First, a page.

However last Saturday, it would seem that Ukraine’s richest oligarch, Rinat Akhmetov decided otherwise. The holding company System Capital Management (SCM) which he owns, issued a public statement condemning the use of force to resolve Ukraine’s ongoing political crisis. It offered “deepest condolences to the families and relatives of those who lost their lives” and called for “constructive negotiations” and “compromise” in the interests of the whole country. By Monday, swiftly organized negotiations between the President and the opposition had resulted in Yanukovych’s offer of the Prime Minister’s job to Arseniy Yatseniuk – an offer that has been rejected, but nevertheless was seen as a very real olive branch from the regime. Incidentally, influential journalist Serhiy Leshchenko today reported that a Swish bank had informed Akhmetov on Friday that due to the political situation in Ukraine, it would be forced to reevaluate its financing arrangements with SCM. In addition to irritants such as pickets in front of Akhmetov’s apartment in London, the warning of future difficulties accessing cheap loans may have been the final catalyst for the oligarch’s decision to press Yanukovych into real negotiations to end the violence.

What does all of this mean? Well, it shows that the Party of Regions is far from monolithic, nor is it completely pro-Russian. When negotiations begin on the formation of a new post-Azarov Cabinet of Ministers (according to the Constitution, Yanukovych has 60 days to submit a candidate for PM to Parliament for approval, but he has promised to do so within a week), we will see whether the pro-EU Firtash-Liovochkin group has been completely sidelined within the Party, or whether it reemerges with some representation in the executive. However, before this happens, the latent conflict between Akhmetov’s “doves” and Kliuyev’s “hawks” must be resolved.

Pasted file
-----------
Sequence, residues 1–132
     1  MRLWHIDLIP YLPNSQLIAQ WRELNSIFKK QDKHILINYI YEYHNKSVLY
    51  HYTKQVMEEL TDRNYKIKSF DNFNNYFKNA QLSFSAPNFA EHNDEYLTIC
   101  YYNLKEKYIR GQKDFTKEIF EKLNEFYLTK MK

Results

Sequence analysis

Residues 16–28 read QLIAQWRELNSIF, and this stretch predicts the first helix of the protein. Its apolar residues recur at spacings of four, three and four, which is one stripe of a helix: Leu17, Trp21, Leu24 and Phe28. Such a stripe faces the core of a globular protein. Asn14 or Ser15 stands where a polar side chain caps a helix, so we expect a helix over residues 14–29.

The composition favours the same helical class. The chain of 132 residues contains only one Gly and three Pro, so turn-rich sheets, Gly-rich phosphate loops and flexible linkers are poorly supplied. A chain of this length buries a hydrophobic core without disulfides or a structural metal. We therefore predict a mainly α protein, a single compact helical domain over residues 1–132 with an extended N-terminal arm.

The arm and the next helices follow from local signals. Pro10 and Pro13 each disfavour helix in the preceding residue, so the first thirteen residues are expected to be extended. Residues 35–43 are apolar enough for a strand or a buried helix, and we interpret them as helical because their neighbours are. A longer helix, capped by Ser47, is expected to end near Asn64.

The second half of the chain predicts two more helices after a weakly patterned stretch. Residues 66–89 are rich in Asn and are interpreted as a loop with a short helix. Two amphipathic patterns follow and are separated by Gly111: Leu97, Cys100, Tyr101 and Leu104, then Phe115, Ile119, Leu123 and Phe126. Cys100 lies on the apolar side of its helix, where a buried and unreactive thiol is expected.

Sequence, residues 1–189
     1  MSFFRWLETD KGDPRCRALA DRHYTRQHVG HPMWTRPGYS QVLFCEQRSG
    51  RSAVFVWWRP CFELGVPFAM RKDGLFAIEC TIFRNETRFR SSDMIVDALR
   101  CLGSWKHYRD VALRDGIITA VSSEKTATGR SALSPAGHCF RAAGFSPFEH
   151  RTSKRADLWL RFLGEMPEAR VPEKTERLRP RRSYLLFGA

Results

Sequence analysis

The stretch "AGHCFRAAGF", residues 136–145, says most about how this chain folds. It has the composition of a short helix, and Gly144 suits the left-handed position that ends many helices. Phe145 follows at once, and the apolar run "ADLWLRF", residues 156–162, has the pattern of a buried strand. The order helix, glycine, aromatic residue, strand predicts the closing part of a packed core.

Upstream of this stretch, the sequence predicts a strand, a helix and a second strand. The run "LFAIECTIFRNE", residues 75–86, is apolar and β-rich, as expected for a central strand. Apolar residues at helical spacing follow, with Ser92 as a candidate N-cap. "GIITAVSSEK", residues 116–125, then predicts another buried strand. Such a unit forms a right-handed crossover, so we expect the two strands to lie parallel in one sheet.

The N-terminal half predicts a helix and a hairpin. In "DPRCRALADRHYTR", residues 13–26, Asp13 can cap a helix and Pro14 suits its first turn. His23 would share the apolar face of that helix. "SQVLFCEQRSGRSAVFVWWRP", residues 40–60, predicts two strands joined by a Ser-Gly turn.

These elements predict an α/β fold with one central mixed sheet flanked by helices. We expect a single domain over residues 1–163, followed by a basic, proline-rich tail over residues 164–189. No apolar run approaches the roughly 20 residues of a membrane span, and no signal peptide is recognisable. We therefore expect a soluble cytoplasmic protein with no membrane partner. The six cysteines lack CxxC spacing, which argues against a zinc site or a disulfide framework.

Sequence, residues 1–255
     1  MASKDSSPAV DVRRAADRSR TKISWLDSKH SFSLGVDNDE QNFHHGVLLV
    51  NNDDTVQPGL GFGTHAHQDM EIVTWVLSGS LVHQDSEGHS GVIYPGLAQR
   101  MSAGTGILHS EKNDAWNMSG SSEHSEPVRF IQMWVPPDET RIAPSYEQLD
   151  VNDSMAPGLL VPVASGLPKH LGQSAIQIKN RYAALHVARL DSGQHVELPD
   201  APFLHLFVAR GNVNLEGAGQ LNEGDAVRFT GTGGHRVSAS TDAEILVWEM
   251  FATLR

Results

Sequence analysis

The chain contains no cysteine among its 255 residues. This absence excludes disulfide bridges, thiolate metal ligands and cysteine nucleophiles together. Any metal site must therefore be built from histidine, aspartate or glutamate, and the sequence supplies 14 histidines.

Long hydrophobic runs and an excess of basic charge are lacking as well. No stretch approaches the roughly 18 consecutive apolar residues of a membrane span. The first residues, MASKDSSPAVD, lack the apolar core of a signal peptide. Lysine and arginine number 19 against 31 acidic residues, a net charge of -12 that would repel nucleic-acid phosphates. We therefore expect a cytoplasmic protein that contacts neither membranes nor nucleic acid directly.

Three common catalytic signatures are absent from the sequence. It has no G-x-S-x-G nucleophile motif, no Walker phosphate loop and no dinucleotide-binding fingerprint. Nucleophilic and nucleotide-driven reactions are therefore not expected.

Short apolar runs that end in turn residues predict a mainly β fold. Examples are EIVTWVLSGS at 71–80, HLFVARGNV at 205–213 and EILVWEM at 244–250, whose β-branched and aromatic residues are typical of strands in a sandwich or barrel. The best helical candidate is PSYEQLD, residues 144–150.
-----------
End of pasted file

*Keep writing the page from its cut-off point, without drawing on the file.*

Prior to the Azarov resignation this morning, the conflict had clearly not been resolved: some branches of Ukraine’s government were still preparing for martial law (e.g. setting up barricades, organizing a massive “Anti-Maidan” gathering in the park near Parliament) while others were working towards a peaceful solution. Some of the anxiety on Maidan may well be a reflection of a feeling in Kyiv that the conflict within Ukraine’s political elite is (perhaps) more dangerous to human lives than street fighting and protest.

There are two unknown elements within this elite power game that could dramatically affect the direction in which events evolve in the near future. Firstly, which side will the Yanukovych group within the Party of Regions choose to ally with? Yanukovych is clearly still in control, and he is surrounded by a loyal inner circle (including Acting Prime Minister Arbuzov), but the financial and political resources that his loyalist group controls are insufficient to maintain power without cooperating with others. So, will he choose the “hawks” and Russia, or Akhmetov’s “doves” and Europe? Both groups are composed of individuals from Donetsk with whom Yanukovych has long-standing ties, so the President’s decision will not be based on regional preferences – a fact that may make it even more difficult for him.